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Social Media Management – Setting Your Sights on the Right Sites

February 5, 2010

One of the most amazing features about the Web is that it allows many people to take advantage of features they did not originate. Livejournal, Twitter, Digg, Reddit and each of the many other Social Media sites were proposed and implemented with a relatively small cadre of people, yet thousands of businesses are finding ways to use these sites for promotion and improvement every day. These sites allow for communication with the nearly captive audience that is any business’ dream.

Of course as is the case with any innovative process many businesses jump in to Social Media Marketing without understanding the problems at hand, and find themselves ignored or scorned for seeming to be incompetent. In some cases this is a failure of research, while in others it is a case of forgetting that these audiences are indeed people with complex opinions and attitudes. Combine these traits with the mass communication capability of the Internet, and you have equal potential for word of mouth fame or disaster.


Before jumping into SMM, every business needs to consider the core options available to them and see just which ones truly suit the organization and its needs. The leadership must consider the objective of their business and the audience that will facilitate this objective. Then they should consider not just which Social Media sites this audience frequents, but how to reach them in a way that makes them care. To that end, what follows is a short review of some Social Media sites and a comparison of their roles to highlight these issues.

Twitter

Twitter is Social Media at its barest; short messages are sent out to anyone following the account, usually consisting of no more than a brief comment or a short URL. US President Barack Obama relied heavily on Twitter during his successful White House bid, using it to promote rallies and campaign meetings. The very brevity of Twitter gives it some of its most unexpected strength. After all, what could be more mysterious than a message reading ‘Tyler Park, 9:30 pm, bring chips and sunglasses’? Sunglasses at night? Chips? It immediately gets the mind racing with questions and interest.

Yet in a classic example illustrating that audiences are not simply feedback devices, but actual people, consider the gone-wrong story of the Republican Party in Connecticut. In an effort to satire some of their opponents, the party set up 33 fake Twitter accounts impersonating state Democrats! Twitter shut down the accounts citing terms of service clauses against impersonating other individuals. The move raised a number of ethical questions and is a classic example that users should always ask if ‘can’ necessarily means ‘should.’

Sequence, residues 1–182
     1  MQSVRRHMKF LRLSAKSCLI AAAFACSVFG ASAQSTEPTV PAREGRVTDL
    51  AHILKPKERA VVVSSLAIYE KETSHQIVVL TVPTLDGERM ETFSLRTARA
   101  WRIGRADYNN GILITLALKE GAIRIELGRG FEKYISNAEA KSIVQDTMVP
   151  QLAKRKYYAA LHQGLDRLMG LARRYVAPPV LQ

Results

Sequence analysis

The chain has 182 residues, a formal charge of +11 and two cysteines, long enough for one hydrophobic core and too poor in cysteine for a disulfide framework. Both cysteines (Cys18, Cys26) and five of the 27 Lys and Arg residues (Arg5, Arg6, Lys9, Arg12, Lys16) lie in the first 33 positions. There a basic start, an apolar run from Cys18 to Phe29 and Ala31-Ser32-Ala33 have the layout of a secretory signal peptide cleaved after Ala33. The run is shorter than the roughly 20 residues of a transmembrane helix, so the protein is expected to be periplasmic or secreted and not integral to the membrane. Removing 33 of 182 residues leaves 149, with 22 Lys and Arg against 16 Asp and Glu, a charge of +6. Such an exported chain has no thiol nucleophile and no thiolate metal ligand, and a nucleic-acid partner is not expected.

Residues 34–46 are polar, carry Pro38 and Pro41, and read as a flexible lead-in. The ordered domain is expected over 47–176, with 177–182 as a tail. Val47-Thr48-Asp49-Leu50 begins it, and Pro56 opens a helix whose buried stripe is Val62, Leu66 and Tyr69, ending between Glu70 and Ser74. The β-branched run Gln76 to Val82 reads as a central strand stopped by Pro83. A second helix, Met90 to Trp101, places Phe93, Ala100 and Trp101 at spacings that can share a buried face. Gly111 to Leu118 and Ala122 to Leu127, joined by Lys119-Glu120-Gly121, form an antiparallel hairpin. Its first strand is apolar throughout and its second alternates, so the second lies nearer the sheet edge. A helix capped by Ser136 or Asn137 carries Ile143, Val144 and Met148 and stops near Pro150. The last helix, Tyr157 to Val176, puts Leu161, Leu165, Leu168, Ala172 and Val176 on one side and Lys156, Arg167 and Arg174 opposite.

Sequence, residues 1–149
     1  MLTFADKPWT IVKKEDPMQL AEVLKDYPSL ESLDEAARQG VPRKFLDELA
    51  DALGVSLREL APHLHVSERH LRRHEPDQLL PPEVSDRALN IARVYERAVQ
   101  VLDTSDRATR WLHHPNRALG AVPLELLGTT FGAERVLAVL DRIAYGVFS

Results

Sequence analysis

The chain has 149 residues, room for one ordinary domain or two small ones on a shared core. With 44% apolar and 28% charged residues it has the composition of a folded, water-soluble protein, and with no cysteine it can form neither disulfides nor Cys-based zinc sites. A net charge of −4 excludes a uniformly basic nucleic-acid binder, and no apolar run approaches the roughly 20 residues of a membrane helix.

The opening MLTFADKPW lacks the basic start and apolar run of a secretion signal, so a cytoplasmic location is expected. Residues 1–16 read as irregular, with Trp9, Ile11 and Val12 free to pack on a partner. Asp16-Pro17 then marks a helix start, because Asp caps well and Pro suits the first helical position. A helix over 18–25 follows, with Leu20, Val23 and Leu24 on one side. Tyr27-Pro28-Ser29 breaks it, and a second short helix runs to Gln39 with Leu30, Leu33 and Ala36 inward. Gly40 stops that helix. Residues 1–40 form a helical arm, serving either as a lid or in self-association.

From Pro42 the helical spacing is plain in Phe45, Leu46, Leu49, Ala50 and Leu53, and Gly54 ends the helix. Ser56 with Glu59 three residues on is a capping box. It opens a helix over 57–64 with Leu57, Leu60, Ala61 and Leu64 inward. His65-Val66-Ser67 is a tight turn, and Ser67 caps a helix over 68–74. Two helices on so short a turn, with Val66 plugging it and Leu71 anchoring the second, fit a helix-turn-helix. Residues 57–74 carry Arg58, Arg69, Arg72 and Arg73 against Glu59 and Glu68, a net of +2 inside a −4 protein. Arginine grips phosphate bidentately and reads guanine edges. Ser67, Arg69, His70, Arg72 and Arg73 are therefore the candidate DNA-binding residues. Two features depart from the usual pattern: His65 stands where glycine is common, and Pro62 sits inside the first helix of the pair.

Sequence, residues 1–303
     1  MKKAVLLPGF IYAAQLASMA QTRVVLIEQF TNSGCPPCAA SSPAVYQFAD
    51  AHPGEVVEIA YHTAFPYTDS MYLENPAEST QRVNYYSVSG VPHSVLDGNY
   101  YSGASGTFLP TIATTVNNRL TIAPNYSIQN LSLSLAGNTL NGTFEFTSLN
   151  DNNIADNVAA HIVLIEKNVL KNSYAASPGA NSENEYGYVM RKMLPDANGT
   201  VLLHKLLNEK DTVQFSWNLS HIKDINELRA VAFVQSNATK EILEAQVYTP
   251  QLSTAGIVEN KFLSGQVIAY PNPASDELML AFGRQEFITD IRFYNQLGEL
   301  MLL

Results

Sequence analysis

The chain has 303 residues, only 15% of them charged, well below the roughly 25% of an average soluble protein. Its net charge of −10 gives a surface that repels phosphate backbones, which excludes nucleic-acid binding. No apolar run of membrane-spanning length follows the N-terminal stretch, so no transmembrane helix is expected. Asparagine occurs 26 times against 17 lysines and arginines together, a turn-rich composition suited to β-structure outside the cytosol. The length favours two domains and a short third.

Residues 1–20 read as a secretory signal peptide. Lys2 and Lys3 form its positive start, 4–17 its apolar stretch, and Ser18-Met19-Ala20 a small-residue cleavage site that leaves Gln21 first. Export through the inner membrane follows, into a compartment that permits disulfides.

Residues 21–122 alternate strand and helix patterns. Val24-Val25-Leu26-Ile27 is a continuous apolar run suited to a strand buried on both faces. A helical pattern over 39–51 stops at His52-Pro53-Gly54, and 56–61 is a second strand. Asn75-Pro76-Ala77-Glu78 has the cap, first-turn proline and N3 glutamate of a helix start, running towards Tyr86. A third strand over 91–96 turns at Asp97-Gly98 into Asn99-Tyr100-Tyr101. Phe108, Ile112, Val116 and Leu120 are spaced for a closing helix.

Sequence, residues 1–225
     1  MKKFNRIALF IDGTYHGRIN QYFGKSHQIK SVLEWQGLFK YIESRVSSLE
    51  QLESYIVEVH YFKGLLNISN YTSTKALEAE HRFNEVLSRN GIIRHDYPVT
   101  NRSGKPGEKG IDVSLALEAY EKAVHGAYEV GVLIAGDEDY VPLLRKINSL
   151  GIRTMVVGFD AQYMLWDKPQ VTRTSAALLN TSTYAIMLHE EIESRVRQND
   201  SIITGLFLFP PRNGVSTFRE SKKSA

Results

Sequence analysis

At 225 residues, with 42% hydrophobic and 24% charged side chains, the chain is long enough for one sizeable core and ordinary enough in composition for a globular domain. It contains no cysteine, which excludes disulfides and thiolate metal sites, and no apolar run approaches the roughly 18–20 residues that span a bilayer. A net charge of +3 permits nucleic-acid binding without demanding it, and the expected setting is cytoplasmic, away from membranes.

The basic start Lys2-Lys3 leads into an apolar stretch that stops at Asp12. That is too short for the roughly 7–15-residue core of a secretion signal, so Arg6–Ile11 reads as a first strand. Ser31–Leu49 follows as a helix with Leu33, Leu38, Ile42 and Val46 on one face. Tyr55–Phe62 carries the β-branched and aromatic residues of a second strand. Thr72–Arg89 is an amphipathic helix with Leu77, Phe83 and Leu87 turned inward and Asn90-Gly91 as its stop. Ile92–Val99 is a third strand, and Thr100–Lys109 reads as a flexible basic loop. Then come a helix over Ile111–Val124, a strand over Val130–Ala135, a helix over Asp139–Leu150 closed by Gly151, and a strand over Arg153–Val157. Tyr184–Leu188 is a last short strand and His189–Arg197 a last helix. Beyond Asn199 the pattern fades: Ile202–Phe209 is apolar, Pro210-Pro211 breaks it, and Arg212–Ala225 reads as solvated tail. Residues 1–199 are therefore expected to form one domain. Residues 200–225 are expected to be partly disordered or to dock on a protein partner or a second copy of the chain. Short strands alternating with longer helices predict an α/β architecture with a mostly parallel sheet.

Facebook and Myspace

The title of this section indicates a common perception in the media that these competing services are offering essentially the same product. In a sense this is true, as both offer users a chance to join groups, manage and customize a profile, and use a variety of applications for entertainment or business. They represent the more involved tier of Social Media, combining aspects of blogging and websites for easy access.

However the facts show that perceptions can be misleading. Facebook only allows for plain text customization, whereas Myspace allows users to customize with HTML and CSS. While this may not sound like the greatest of distinctions it does make Facebook more accessible to the ‘casual’ user of Social media, while Myspace by default becomes the realm of those more interested in website design. If your business’ aim is to recruit potential designers, this distinction alone tells you where to focus your efforts.

Digg and Reddit

These sites and others like them are in essence an Internet popularity contest. Users submit content, and other users vote on whether they find it interesting. The theory of use here is that these sites can be used as a benchmark for public opinion, based on a reading of what is popular at any given time. Except it isn’t always that simple. Digg has faced criticism that the site’s owners have a great deal of direct influence on which stories make it to the front page, which does call into question whether it actually represents public opinion.

Not the Final Word, Just a Thought

Above we mentioned the curious case of Republicans attempting a bit of satire and finding themselves called on ethical questions. Another fact to consider is the irony vote. It is not unknown or even uncommon for Internet hobbyists to vote en masse for an irrelevant news story just to see if they can make it popular as a jest. For example, the infamous and popular social site 4chan seemingly organized massive, worldwide boycotts of the Church of Scientology because it could.

Working with a professional social media marketing agency can help ensure that your online efforts are focused on the right sites, with the right message, to the right audience for maximum ROI.

Above all, the lesson that must be learned is that the Internet is not a static collection of people waiting to obey the input of various broadcasters. Each audience is composed of many distinct and individual users, many of whom are intelligent, critical thinkers with opinions and ideas of their own. If your campaign treats them as a switch to be thrown, it will fail, period. If you want your campaign to succeed, treat these audiences with respect and develop a campaign that communicates with rather than at them.

— Enzo F. Cesario is an online brand management specialist and co-founder of Brandsplat, a social media company that uses blogs, articles, videos and social media to drive traffic to your site. For the free Brandcasting Report go to http://www.BrandSplat.com/ or visit our blog at http://www.iBrandCasting.com/

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